Cannabis tax in California would generate 1.2 Bil.$ a year!

16 07 2010

California — Here’s a sure sign that  marijuana dispensaries are on their way to becoming big business: On July 13 the city council of Berkeley, Calif., asked voters to approve a 2.5 percent tax on the city’s  marijuana outlets, three of which grossed a total of $19 million last year, all cash. “This is huge,” says Mayor Tom Bates.

A dispensary in Oakland, Ca.

The tax will not only help close a $16.2 million budget gap, but it also makes sure that as the sale of pot goes mass market, the local community benefits, not outside business interests, Bates says. “We don’t want to have Philip Morris coming in here, sucking up all the money.”

Taxing pot sales is a growing trend across the nation as fiscally challenged cities eye the public’s budding acceptance of cannabis use. Denver has generated $1.2 million since December, when the city began collecting sales taxes from its 256 dispensaries. On June 15, Washington, D.C., approved a 6 percent tax on what will eventually be five dispensaries. Read the rest of this entry »





New medical marijuana policy issued by the President

19 10 2009

The Obama administration announced today that it will not seek to arrest medical marijuana users and suppliers as long as they conform to state laws, under new policy guidelines to be sent to federal prosecutors Monday 19th October. A 3-page memo spelling out the policy is expected to be sent Monday to federal prosecutors in the 14 states which allow some use of marijuana for medical purposes, and also to top officials at the FBI and the DEA.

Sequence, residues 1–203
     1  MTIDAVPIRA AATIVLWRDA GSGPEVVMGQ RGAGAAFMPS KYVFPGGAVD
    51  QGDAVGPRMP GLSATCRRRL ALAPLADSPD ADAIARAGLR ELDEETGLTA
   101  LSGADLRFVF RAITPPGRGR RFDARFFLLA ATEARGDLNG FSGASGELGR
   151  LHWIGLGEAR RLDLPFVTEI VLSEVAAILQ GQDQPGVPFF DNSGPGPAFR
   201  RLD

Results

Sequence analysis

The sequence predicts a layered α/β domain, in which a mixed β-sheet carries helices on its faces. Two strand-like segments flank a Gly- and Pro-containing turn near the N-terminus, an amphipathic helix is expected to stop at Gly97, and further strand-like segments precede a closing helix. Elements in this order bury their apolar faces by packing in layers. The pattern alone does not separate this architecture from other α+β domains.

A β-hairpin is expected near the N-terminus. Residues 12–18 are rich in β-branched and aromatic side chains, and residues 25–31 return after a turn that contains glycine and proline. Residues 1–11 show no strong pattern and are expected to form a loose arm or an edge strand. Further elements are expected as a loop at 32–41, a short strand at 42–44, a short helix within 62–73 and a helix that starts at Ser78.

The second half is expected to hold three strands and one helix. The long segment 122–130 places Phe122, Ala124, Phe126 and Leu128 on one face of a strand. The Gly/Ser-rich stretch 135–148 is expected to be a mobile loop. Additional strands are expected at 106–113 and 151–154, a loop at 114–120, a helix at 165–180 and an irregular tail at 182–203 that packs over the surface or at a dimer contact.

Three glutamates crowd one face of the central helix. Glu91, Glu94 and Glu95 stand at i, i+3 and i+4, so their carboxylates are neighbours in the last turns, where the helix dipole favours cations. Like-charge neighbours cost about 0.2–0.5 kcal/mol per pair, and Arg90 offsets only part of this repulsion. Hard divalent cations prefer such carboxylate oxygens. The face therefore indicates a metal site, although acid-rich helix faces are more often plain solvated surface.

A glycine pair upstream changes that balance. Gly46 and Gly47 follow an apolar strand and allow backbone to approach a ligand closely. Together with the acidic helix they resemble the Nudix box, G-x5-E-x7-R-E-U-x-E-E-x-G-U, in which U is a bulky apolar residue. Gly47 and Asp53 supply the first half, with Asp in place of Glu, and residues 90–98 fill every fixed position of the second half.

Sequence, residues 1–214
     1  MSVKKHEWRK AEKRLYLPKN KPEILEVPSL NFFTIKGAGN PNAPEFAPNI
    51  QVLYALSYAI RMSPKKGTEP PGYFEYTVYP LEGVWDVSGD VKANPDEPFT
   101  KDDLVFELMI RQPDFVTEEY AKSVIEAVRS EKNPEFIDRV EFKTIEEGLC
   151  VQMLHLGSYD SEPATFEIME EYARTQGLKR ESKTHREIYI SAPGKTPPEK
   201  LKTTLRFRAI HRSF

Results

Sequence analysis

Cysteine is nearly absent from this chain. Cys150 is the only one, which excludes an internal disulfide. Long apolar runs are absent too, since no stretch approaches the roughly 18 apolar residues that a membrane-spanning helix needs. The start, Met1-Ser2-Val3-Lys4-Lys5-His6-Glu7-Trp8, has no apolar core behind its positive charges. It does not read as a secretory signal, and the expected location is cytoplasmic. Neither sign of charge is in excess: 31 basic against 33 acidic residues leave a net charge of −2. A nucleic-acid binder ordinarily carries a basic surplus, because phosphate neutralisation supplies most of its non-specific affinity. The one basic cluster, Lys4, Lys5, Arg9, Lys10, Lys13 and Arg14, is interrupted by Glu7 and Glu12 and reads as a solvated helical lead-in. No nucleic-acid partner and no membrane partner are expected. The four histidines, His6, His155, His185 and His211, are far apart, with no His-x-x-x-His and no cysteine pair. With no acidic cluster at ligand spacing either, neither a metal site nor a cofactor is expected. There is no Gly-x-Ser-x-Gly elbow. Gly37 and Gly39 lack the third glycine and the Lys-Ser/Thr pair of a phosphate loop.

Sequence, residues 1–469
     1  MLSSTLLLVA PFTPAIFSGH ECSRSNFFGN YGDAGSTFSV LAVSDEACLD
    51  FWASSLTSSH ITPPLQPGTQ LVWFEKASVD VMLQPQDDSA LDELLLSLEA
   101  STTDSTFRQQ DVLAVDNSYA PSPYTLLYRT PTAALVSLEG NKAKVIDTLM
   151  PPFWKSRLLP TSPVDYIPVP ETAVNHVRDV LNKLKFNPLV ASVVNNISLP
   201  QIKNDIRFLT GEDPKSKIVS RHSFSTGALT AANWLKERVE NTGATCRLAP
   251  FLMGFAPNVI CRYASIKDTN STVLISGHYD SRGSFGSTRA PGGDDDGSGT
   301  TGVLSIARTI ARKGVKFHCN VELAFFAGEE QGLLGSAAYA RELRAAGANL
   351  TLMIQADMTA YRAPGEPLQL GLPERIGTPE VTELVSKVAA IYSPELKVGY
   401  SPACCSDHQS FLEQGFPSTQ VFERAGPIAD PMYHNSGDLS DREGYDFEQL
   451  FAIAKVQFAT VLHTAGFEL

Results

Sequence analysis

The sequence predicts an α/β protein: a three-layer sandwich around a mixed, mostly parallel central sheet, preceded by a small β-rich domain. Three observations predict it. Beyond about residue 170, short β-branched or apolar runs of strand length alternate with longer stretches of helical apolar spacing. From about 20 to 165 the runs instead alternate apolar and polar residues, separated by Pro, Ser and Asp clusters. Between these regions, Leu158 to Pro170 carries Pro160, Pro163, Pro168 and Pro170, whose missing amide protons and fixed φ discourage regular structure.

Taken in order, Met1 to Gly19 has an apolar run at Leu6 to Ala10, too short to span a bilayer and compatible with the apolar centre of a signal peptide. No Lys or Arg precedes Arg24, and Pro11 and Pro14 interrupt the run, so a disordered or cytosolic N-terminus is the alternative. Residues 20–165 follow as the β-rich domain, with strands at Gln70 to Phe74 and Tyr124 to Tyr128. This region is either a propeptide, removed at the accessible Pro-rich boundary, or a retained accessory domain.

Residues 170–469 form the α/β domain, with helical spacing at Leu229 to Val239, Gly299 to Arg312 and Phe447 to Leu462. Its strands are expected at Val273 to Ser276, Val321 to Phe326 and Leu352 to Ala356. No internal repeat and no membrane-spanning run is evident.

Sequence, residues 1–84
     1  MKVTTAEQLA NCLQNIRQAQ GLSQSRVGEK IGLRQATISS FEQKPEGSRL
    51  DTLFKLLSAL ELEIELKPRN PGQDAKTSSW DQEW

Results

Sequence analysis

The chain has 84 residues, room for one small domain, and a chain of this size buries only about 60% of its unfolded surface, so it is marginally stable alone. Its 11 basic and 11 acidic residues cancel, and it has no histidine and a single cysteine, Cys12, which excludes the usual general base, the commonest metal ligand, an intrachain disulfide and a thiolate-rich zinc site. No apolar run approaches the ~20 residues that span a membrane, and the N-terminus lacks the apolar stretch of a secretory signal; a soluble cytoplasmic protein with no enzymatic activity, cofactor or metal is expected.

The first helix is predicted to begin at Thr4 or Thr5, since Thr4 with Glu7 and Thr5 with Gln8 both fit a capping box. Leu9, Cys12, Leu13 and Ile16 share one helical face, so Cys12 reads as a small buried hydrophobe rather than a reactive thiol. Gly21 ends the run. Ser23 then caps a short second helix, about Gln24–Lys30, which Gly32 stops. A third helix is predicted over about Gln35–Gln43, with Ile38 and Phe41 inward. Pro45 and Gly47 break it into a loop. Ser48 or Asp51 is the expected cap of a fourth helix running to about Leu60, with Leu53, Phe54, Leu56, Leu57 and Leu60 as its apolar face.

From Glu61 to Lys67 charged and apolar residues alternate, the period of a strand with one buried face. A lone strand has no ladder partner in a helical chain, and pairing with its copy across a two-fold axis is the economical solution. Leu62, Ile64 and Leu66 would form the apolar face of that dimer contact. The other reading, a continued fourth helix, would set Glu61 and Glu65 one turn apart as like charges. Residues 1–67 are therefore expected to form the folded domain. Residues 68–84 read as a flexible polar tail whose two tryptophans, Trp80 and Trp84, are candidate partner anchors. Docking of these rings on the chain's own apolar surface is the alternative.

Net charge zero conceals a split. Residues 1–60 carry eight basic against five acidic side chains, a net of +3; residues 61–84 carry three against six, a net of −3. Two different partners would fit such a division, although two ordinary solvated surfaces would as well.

barack obama smoking pot, marijuana, cannabis

According to officials, the memo is designed to give a sense of prosecutorial priorities to U.S. Attorneys in the states that allow medical marijuana. It notes that cannabis sales in the United States are the largest source of money for violent Mexican drug cartels, but adds that federal law enforcement agencies have limited resources – It emphasizes that prosecutors have wide discretion in choosing which cases to pursue, and says it is not a good use of federal manpower to prosecute those who are without a doubt in compliance with state law.

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